Transcript: 2021 year end tax tips

[Soft music playing]

[Jamie Golombek, Managing Director, Tax and Estate Planning, CIBC Private Wealth]

As we get closer to the end of 2021, there are a number of specific tax planning opportunities that you might wish to take a look at before the end of the year.

We just released our brand new and updated 2021 year end tax tips. And it's something that would be a great reference to review before the end of the year. Let's go through some of the highlights and things that you want to think about before December 31st.

[A CIBC document outlining a list of tax saving tips.]

[Tax-loss selling]

Every year we talk about tax loss-selling. Most people don't have a lot of losses in the portfolio this year, but if you do, you want to recognize that loss so that the trade date is no later than December the 29th, so that the trade settles by December 31st. So, you can recognize that capital loss in 2021.

[A close-up of various international currencies followed by U.S. $100 bills fanned out]

Pay attention; if you bought perhaps securities in foreign currencies like the U.S. dollar, to take into account any foreign exchange rates when calculating that gain or loss. Because depending on the timing of when you bought that security, you might actually have a gain on the FX side, even if it appears that you had a loss on the security side.

[Be mindful of the superficial loss rules]

Of course, you want to be mindful of the superficial loss rules.

[A young man types at a desk looking at financial data on a computer screen. A young couple look at the screen of a laptop.]

If you buy it back within 30 days, the loss would be denied. If you buy it back, your spouse buys it back, your partner buys it back, corporation, trust, RRSP, TFSA, any of those things buy it back within 30 days, you're going to be denied that capital loss. So, just pay attention, wait at least 30 days plus 1 before you buy back a stock or any other position that you've sold and you wish to recognize the capital loss.

[RRSP contributions]

RRSP deadline, of course, is still March 1st.

[An older man sits at a table talking on a cell phone with a laptop open in front of him.]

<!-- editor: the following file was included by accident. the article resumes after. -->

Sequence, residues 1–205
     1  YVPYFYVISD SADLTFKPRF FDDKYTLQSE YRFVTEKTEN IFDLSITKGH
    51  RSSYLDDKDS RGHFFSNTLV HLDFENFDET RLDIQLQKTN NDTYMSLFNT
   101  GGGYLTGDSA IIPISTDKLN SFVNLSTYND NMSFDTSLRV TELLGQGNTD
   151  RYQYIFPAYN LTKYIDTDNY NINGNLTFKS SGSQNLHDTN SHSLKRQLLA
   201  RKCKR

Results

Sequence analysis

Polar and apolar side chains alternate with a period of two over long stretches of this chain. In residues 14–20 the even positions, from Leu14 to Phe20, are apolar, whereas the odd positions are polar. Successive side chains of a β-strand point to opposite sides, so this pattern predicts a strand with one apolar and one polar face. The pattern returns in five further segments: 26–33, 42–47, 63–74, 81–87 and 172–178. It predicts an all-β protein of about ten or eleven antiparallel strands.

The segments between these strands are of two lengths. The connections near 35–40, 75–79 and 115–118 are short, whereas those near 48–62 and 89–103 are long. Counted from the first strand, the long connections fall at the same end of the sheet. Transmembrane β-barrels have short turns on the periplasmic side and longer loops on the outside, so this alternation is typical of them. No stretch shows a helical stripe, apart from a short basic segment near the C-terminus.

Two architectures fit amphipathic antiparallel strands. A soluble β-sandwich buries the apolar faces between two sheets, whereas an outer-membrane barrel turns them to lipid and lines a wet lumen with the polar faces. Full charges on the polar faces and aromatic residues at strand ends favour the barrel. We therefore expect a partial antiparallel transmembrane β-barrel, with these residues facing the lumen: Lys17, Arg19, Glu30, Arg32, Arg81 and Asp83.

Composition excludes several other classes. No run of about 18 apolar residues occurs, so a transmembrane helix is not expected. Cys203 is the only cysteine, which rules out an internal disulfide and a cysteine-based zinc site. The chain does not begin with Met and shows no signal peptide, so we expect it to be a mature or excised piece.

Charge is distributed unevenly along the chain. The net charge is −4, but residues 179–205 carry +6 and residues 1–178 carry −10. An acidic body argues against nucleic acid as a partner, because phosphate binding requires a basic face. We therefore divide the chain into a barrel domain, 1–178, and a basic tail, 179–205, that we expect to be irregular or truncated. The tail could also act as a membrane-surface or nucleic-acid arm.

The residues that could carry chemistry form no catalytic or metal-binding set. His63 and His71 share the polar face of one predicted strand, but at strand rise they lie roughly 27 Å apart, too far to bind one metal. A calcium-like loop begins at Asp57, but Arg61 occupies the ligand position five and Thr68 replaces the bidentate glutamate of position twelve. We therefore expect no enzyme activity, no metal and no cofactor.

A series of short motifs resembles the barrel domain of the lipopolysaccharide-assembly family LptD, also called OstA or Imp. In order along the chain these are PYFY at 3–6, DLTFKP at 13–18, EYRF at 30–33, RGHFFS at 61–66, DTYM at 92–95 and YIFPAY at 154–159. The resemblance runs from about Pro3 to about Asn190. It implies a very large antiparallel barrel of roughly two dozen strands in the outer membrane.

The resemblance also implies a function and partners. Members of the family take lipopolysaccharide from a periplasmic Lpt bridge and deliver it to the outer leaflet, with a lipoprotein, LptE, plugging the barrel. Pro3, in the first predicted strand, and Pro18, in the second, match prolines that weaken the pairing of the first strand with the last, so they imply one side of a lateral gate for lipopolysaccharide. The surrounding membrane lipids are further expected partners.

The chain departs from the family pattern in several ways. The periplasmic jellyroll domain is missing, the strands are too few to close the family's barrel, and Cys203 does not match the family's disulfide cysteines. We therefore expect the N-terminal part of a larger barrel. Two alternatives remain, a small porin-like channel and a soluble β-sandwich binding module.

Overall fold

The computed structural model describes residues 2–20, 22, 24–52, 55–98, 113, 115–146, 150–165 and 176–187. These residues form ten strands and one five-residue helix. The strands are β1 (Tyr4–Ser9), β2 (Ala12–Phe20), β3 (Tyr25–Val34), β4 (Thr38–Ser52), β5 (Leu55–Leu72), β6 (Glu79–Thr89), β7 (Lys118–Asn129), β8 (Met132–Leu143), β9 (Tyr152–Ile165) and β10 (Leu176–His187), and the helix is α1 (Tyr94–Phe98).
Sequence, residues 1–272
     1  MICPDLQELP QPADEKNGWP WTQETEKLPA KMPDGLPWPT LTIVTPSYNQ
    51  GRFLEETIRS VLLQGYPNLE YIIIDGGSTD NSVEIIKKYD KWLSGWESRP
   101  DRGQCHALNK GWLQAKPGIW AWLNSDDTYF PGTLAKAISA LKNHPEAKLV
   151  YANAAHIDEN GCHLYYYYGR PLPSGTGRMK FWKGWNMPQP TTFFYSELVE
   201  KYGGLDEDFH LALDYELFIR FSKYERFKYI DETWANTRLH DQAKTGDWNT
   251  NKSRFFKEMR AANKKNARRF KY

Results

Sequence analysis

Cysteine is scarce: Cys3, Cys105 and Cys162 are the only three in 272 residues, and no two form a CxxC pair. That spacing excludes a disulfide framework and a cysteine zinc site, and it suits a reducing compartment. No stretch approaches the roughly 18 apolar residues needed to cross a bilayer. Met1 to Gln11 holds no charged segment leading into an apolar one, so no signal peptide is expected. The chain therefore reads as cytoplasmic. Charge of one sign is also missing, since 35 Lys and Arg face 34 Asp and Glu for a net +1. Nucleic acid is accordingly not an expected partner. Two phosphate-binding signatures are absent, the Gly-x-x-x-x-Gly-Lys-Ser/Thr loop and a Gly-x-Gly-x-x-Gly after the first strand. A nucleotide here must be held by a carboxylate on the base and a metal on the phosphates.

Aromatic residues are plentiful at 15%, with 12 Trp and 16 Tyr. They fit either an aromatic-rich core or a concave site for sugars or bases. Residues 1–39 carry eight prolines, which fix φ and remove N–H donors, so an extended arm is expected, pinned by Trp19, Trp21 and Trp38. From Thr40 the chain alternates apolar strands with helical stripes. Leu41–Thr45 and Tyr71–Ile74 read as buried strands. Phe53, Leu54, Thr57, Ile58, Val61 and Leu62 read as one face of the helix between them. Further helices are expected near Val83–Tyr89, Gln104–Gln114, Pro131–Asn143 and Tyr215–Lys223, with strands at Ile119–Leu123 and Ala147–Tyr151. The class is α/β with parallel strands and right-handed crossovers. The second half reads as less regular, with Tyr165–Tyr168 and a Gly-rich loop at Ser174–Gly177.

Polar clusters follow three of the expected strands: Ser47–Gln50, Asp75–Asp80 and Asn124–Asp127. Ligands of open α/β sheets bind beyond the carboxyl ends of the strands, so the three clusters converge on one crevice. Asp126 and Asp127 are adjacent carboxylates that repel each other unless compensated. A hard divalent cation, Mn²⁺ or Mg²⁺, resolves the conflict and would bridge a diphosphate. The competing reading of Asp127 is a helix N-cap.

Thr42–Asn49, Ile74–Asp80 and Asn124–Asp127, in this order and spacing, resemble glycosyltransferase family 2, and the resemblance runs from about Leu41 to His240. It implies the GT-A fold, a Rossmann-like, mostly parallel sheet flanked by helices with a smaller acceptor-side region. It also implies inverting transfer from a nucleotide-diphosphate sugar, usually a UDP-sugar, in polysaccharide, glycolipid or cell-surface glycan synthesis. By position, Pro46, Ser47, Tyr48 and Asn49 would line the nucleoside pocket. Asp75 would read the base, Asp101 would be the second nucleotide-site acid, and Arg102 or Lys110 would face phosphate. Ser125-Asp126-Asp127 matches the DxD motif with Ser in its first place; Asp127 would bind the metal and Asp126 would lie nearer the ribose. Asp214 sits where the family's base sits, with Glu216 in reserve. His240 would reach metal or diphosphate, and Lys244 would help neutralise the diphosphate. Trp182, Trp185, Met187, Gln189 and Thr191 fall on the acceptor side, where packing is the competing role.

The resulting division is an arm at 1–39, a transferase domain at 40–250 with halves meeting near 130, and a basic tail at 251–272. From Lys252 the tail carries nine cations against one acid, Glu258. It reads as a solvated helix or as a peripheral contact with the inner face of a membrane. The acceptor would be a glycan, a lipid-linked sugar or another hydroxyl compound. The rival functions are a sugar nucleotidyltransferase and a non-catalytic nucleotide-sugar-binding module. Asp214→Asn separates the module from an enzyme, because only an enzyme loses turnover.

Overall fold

However, if you did turn 71 in 2021, you've got to make your final contribution by the end of the year unless, of course, you have a younger spouse or partner, which you can continue to make a spousal RRSP contributions.

[Prescribed rate loan strategy]

The prescribed rate loan strategy will be available still till the end of the year.

[An older couple talk to a financial advisor.]

That's the 1% prescribed rate loan, so an opportunity to loan assets to a spouse or partner for the benefit of income splitting, as long as you charge a minimum prescribed rate. And just a reminder that if you have done a prescribed rate loan, you’ve got to make sure that you make those payments within 30 days of the end of the year. That's January 30, 2022, which is coming up pretty soon, for that strategy to work for the current year and for all future tax years.

[Changes to tax rates]

Other things to think about, in particular, are changes to tax rates.

[A person’s hand close up filling out tax forms on a messy desk.]

So, in other words, if you think your tax rate is going to be very different next year in 2022 versus 2021, there may be things that you can do depending on your situation to either accelerate income for this year or defer that income to next year.

[Low angle shot of Canadian flags on a sidewalk. Images of the Parliament of Canada buildings.] 

You may also want to think about changes to our tax regime in general, as a result of the recent federal election. We know that there are certain potential changes in tax law that might actually impact your future taxes.